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Dragonflies are a bit of an oxymoron. While everyone is able to instantly recognize a dragonfly, very few people know the names of the various dragonfly species, never mind being able to tell them apart and identify them. I am no different. We had just finished a trail ride in Cooking Lake-Blackfoot Provincial Recreation Area and had taken a break for a snack at the Waskahegan Staging Area when a couple a dragonflies landed on a sunny patch on the ground right next to us. My camera was out of reach and I did not want to spook the dragonflies so I decided to try to use my phone to take some pictures. I took a few pictures from some distance away and then I slowly moved to phone closer and closer thinking that they will for sure take off. But they stayed. I managed to get about a foot away from this one dragonfly (the phone was not able to focus at a closer distance) and managed to take this close up. At the time I had no idea what it was, other than a dragonfly. After a bit of research it appears that it most likely is a species of Meadowhawk, specifically a Cherry-Faced Meadowhawk (Sympetrum internum), but there are a few other species of Meadowhawk that look very similar. The name “Meadowhawk” is quite telling of the ecology of this species. It is found near marshy ponds, lakes, slow streams and on meadows. Like all dragonflies, the Meadowhawk is a predator. I can just picture it patrolling the meadow like a hawk for any soft-bodies flying insects such as mosquitoes, flies, moths and mayflies.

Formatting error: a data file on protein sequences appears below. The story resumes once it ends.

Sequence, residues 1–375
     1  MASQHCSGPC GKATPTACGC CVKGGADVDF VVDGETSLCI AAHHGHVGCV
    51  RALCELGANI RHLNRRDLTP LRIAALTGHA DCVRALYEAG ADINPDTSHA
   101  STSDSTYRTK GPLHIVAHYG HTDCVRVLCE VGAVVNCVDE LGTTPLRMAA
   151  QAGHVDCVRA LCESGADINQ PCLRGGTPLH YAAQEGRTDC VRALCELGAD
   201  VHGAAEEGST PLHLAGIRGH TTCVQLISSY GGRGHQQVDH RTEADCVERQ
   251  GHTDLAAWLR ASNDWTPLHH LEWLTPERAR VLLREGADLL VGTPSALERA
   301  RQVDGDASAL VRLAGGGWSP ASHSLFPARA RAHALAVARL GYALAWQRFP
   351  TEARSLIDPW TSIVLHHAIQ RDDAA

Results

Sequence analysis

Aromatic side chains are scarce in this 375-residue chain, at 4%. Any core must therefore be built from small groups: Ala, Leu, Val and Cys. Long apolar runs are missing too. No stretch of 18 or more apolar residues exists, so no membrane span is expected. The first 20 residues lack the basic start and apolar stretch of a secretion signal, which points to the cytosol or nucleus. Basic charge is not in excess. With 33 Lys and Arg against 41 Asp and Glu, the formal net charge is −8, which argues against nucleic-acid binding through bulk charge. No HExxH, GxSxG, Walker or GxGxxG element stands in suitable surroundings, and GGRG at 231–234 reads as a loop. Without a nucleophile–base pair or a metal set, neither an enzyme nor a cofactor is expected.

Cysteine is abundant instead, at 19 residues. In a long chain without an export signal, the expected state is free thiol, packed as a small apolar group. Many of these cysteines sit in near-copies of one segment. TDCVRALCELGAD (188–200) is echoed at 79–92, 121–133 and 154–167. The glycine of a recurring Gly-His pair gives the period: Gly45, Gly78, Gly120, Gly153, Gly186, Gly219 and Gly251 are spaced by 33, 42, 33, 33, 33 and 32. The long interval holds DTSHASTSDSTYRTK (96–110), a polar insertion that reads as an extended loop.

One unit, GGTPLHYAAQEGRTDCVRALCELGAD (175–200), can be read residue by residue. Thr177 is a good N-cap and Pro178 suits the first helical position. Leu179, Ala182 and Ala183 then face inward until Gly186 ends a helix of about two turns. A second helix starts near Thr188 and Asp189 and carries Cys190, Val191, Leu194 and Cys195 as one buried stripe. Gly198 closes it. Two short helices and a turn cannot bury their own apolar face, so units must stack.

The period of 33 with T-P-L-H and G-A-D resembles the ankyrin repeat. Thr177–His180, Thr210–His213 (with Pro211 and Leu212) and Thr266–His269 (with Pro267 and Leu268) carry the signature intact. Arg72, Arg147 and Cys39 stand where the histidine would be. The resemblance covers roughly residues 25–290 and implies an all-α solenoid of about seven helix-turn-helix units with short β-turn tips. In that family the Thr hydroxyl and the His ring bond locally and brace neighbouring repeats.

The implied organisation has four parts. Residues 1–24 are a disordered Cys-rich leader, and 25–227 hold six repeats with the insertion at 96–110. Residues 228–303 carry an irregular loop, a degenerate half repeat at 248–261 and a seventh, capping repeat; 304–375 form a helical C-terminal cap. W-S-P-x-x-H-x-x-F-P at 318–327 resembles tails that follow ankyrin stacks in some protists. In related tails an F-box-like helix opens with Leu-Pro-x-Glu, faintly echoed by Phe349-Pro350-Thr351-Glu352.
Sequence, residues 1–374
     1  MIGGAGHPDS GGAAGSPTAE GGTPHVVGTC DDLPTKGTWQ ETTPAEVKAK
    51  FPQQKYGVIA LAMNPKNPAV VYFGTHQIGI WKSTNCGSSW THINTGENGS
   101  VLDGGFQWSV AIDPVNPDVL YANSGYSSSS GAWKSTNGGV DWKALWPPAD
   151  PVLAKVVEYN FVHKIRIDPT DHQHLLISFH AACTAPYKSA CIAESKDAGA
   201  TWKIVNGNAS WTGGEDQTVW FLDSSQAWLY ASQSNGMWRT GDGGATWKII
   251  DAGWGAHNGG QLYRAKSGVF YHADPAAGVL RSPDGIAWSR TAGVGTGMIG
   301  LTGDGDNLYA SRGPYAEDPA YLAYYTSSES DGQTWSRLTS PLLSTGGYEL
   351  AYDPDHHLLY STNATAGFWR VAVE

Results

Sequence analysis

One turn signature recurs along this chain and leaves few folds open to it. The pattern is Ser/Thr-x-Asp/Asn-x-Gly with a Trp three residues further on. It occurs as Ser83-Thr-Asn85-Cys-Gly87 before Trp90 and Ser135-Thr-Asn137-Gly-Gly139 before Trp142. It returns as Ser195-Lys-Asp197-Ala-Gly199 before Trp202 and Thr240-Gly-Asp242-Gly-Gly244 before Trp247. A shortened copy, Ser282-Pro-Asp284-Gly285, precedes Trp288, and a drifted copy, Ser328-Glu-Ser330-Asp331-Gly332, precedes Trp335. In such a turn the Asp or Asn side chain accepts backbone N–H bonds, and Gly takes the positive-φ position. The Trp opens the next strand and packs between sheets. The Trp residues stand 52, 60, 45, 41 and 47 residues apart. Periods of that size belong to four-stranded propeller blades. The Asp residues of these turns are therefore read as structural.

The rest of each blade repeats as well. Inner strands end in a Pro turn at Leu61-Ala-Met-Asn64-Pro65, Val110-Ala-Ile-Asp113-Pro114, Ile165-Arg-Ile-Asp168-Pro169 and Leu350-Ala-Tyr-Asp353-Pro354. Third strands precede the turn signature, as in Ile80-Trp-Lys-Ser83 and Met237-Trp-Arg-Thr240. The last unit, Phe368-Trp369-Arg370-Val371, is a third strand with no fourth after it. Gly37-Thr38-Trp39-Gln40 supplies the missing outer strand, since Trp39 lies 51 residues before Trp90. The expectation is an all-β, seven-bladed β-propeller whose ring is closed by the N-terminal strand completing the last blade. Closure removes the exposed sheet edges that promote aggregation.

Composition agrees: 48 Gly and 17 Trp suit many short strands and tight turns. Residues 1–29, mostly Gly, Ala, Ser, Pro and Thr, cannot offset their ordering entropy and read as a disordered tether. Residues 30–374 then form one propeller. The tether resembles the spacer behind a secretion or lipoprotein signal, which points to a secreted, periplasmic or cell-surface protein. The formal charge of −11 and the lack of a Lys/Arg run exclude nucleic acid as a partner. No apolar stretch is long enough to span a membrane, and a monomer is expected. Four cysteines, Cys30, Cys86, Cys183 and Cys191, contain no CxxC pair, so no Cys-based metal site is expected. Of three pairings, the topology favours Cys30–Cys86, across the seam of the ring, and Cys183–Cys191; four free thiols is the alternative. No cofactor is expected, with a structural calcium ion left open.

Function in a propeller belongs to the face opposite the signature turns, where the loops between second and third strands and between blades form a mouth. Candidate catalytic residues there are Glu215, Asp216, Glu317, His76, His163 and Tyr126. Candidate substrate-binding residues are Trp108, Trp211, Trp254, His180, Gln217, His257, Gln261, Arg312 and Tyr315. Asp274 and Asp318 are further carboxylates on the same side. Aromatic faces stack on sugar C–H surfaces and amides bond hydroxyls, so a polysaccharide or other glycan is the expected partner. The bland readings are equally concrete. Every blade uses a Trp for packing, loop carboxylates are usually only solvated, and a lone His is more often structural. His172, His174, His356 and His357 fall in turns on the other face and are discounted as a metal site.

May the curiosity be with you. This is from “The Birds are Calling” blog (www.thebirdsarecalling.com). Copyright Mario Pineda.